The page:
Missing bus drivers force students to scramble

Students who depend on the bus to get to classes are finding that coaches are not arriving and leaving them stranded. Some students resort to Uber to get to OCC while others say they worry they'll have to drop classes.

The Orange County Transit Authority dropped bus routes in February and March, forcing some Orange Coast College students without cars to pay for ride sharing services or drop classes.

Judie Ramirez, a 23-year-old business major who commutes to OCC from Newport Beach, said her buses have not arrived several times in the past few weeks.

“I either call an Uber or just have to miss class,” Ramirez said.

She explained that she may have to drop a class if she’s not able to catch up with her work.

Joshua Chong, a 20-year-old computer science major, said he’s also impacted by the bus schedule, even though he lives  in Costa Mesa.

“Sometimes the bus is 20 to 30 minutes late, or even 15 minutes early, which is much worse,” he said. An early arrival means riders have to wait until the next scheduled pickup, which could be an hour or more later, depending on the route and time of day.

According to an OCTA representative, the reason for the missing buses is that many routes don’t have an assigned driver, due to scheduling failures with a contracted company.

Eric Carpenter, a media relations specialist for OCTA, said that the scheduling problems happened after Feb. 10, the most recent service change, which is the regularly scheduled date when OCTA updates their routes.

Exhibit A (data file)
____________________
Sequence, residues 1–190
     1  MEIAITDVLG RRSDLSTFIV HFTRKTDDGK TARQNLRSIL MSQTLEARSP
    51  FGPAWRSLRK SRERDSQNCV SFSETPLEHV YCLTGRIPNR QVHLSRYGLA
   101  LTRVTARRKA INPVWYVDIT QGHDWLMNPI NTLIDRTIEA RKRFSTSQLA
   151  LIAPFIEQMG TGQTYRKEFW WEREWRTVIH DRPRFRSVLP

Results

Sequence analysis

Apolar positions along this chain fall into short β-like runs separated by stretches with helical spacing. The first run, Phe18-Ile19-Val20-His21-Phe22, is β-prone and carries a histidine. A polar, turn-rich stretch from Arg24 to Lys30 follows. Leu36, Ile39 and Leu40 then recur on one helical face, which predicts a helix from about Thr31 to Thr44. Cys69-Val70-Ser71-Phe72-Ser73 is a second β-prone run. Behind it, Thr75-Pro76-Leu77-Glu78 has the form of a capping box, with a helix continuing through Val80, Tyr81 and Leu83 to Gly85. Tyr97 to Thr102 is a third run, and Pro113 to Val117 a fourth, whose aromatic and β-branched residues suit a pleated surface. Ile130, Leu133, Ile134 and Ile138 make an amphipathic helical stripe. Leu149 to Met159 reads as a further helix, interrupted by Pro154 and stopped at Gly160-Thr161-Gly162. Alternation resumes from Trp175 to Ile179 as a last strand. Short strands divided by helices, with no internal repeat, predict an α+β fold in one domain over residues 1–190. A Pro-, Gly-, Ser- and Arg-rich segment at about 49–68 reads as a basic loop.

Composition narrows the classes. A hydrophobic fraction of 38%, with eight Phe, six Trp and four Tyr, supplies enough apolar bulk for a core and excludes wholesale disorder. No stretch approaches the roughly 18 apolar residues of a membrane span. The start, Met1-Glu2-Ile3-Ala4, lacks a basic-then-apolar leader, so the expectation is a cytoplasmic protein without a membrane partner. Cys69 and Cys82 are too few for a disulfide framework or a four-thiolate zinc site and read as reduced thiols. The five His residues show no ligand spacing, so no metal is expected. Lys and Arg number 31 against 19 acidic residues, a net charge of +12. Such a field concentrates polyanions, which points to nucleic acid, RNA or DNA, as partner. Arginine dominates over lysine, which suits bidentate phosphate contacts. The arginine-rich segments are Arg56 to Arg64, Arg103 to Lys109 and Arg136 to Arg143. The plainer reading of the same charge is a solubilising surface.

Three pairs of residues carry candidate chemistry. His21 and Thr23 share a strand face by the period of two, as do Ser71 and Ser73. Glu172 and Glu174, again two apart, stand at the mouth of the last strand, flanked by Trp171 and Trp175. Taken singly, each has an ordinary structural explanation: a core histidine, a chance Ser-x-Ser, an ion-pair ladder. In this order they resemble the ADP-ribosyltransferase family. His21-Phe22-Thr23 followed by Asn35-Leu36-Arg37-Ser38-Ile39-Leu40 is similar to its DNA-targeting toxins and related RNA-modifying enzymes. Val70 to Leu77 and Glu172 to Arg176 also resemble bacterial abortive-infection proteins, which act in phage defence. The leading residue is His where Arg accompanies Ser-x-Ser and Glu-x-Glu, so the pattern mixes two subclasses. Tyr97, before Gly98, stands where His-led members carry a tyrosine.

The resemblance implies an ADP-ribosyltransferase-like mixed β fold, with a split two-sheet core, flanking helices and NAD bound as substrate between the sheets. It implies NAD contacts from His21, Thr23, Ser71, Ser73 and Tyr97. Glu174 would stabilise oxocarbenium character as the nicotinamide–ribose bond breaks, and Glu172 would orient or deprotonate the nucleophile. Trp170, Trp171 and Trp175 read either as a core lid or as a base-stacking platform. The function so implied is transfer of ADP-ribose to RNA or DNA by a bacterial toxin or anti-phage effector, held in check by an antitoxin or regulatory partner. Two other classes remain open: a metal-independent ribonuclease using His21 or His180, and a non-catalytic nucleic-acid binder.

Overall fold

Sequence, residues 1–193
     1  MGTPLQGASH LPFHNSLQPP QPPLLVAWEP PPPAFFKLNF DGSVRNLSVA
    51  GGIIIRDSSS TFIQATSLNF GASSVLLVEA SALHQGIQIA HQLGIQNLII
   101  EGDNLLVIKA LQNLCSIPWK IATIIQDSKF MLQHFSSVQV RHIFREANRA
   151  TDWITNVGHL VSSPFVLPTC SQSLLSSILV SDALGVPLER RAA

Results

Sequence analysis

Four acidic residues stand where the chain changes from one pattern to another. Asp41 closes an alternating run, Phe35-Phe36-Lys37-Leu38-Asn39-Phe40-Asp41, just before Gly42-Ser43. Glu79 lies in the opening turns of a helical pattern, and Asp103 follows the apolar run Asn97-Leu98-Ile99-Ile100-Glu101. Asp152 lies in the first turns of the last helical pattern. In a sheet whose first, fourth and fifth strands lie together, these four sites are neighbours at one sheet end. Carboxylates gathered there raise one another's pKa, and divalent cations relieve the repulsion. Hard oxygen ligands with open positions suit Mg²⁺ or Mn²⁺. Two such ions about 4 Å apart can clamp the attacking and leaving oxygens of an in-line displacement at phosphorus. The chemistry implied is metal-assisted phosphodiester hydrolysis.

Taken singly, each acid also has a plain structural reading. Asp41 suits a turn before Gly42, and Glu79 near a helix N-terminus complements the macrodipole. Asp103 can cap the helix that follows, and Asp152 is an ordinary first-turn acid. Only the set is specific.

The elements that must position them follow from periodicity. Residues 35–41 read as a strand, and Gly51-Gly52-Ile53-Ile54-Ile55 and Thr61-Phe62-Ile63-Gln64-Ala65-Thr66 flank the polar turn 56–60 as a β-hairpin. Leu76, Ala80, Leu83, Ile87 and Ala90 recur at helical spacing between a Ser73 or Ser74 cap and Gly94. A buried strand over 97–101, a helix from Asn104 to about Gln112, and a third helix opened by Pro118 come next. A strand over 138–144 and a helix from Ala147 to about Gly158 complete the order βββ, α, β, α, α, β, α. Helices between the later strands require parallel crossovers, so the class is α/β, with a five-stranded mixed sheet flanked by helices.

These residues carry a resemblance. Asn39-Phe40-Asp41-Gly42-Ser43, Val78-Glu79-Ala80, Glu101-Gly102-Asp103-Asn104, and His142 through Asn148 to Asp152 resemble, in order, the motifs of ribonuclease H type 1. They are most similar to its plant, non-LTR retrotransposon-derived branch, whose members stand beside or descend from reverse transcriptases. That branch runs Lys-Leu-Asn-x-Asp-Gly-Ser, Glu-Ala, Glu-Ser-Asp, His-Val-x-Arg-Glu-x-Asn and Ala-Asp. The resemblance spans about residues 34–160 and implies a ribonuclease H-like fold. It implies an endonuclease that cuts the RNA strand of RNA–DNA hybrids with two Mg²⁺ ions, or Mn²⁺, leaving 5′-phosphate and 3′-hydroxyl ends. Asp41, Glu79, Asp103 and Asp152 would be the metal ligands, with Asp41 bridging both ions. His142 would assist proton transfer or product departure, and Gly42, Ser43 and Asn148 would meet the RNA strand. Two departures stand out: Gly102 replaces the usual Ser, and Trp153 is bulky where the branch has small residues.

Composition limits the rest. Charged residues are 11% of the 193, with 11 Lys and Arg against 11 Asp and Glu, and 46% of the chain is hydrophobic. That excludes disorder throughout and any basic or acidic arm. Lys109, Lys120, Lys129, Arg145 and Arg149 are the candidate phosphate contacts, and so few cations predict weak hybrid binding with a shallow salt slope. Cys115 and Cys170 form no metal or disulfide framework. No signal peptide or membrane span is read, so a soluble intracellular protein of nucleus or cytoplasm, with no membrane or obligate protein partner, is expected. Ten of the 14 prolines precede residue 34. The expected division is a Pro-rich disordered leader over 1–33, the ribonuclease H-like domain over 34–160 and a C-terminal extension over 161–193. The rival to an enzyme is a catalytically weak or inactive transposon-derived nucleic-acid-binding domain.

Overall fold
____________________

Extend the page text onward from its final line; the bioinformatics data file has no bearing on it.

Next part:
As part of the service change, First Transit, a company that OCTA is contracted with to provide coach operators, updated its services to comply with federal regulations regarding breaks during work.

First Transit adjusted its schedules to include more coach operators, but didn’t have sufficient staff to cover the routes. There were more than 500 missed bus trips out of 48,000 for the company, a less than one percent failure rate.    

Despite the low rate of missing routes, the effects can be devastating for the people counting on those particular routes. The routes were most often dropped in the early morning, when people are counting on the bus to get to work and school.

Coral Mestas, a 22-year-old art history major, knows how devastating missing buses can be.

Mestas’ mother suffers from serious physical disorders that make it impossible for her to work, so Mestas has supported her since she was still a minor.

According to Mestas, when she was younger, they rode the bus every day so that she could attend a better school in a different neighborhood. But she and her mother were simply unable to keep up with the challenges of the bus system and accepted a less optimal, but closer, high school.

“When it’s late you can complain, but when you really have to be somewhere it’s a  problem,” Mestas said.

This month, when her bus failed to arrive, Mestas thought maybe it had arrived early or would be late. She called the OCTA help line and was surprised to hear that the bus was not coming at all.

She had to wait an hour in the early morning cold and rain, and when she got to school she dried her shoes off using a hand dryer in the school bathrooms.

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